Refuting the Resurrection Refuters
The Refuters Come
The Refuting Conundrum
The purpose of the law was not to let the dead, childless brother’s line die out; the first son of the new marriage (not any of the other children) would be regarded as the dead man’s child.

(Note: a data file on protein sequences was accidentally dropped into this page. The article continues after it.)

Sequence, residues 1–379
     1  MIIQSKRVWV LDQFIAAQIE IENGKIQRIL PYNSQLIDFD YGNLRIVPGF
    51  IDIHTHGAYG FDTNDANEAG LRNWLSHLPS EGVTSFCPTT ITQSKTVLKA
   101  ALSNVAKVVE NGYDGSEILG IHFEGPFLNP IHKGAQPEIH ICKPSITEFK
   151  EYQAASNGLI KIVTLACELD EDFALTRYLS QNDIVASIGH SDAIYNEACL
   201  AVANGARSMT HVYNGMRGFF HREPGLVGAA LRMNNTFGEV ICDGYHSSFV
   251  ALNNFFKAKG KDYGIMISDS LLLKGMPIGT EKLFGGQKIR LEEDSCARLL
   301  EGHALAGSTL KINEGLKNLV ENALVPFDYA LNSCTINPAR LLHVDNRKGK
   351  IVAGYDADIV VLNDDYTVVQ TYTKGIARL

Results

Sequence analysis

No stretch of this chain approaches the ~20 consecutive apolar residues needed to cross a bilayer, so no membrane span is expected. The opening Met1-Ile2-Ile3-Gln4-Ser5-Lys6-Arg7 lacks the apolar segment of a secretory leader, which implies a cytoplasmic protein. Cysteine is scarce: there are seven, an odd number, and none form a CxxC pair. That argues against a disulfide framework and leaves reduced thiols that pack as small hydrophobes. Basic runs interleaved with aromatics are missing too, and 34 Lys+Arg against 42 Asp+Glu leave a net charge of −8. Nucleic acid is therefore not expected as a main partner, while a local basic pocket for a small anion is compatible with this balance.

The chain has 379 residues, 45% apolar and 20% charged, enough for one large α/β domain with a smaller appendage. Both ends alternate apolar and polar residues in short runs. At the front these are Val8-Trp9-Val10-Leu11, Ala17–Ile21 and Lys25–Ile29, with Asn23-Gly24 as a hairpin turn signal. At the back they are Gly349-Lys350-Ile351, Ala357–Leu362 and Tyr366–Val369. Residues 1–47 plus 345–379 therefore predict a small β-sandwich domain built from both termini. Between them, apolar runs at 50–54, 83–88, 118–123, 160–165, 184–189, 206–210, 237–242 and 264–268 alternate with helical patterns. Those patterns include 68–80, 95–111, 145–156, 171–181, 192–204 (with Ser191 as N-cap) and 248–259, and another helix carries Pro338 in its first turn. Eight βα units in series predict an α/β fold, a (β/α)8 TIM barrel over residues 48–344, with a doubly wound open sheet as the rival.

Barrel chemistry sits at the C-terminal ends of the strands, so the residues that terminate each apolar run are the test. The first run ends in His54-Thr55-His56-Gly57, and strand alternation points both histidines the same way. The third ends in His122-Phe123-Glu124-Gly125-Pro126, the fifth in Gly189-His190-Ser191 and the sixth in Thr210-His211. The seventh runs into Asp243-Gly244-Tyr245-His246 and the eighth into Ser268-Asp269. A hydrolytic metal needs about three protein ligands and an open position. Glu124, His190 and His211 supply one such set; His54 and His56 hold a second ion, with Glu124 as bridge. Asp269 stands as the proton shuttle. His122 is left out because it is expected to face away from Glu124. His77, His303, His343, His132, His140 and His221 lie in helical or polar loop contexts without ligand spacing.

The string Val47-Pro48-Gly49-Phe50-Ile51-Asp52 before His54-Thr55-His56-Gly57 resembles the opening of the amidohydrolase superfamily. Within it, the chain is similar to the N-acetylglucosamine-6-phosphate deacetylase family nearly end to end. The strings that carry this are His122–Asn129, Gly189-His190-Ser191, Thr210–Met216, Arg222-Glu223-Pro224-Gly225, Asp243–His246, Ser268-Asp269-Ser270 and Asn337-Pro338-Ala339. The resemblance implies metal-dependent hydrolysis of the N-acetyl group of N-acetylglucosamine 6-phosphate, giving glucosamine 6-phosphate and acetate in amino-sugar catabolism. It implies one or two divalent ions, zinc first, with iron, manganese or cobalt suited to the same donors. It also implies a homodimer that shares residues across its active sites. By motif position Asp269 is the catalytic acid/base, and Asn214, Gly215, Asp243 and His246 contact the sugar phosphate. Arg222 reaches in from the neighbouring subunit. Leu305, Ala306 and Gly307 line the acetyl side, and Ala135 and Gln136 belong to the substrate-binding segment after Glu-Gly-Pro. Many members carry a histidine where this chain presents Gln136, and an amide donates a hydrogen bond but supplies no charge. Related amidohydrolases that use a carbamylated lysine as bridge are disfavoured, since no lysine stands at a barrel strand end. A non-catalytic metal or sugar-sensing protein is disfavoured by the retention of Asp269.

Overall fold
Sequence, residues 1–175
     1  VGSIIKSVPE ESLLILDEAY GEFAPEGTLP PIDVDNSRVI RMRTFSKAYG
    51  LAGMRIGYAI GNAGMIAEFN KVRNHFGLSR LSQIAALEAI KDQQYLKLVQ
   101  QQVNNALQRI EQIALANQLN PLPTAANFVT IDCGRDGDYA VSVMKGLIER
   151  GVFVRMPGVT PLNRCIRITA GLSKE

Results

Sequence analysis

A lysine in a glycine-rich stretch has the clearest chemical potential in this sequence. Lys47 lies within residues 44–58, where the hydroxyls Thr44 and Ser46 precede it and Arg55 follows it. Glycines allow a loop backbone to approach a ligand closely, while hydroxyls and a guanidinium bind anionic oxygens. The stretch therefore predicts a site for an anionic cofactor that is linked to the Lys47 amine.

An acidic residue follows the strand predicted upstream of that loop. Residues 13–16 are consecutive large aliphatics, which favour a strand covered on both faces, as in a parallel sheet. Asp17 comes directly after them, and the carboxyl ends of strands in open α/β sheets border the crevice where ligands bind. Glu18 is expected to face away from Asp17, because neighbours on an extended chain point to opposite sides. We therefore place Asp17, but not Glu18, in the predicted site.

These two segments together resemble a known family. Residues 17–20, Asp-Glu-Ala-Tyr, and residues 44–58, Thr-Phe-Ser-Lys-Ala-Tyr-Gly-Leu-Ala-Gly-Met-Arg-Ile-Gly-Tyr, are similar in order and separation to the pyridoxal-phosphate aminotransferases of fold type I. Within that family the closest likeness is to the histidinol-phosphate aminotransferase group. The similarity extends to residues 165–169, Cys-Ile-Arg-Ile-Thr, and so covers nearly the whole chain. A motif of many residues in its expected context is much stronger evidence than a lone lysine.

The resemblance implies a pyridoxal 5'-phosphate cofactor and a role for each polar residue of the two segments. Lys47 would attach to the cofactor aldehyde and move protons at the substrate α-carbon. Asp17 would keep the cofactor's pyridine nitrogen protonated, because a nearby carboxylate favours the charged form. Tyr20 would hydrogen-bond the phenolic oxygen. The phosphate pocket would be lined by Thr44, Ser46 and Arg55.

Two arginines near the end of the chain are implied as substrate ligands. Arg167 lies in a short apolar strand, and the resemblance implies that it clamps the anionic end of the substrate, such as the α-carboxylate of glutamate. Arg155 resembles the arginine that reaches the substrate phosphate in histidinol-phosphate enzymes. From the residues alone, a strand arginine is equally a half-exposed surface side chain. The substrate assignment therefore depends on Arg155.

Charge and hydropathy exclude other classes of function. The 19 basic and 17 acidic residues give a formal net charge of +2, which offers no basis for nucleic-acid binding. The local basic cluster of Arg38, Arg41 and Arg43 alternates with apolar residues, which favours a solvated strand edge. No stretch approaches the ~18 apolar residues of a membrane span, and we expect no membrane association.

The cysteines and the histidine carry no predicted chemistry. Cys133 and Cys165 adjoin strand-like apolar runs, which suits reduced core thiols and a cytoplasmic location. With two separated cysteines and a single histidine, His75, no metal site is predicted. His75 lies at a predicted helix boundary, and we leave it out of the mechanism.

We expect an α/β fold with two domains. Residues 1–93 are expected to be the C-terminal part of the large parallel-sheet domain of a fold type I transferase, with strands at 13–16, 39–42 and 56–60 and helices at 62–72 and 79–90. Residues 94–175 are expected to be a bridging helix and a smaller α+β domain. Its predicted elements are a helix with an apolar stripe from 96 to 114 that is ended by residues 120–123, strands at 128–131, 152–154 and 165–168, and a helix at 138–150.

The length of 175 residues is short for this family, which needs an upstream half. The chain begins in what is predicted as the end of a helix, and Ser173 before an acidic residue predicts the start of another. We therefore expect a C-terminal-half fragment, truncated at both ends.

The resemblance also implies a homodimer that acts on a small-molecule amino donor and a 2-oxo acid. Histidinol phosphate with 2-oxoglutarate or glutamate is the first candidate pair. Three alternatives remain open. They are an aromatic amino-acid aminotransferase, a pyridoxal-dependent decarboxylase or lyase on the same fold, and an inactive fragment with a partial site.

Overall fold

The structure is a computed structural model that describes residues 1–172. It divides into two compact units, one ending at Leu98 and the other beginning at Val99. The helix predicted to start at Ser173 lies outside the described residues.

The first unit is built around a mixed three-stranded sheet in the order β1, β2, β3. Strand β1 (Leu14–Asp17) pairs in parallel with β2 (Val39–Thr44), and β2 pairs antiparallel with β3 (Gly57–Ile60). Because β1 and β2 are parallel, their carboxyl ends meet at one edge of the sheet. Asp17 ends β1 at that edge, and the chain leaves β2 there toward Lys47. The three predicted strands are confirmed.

So the conundrum is propounded to Jesus. Supposing for the sake of argument that there is a resurrection, and that these dead bodies of ours rise again from their graves—what about this woman? All seven brothers were equally her husband—in the resurrection will all seven together be her husband? The very idea is monstrous already in this life and how much more in the life to come! Or which one of the seven will be her husband, and why the one, and why not some other one of the seven, she having had a child by none? When seven hold equal rights, why set aside six? Again an impossible situation. The Sadducees are thus certain that there is no resurrection, and that Moses himself proves it in Deuteronomy, and that no man can overthrow this solid proof. We may well suppose that they had tried this proof against many a Pharisee and had made a laughingstock of every opponent. Jesus was to be their next victim.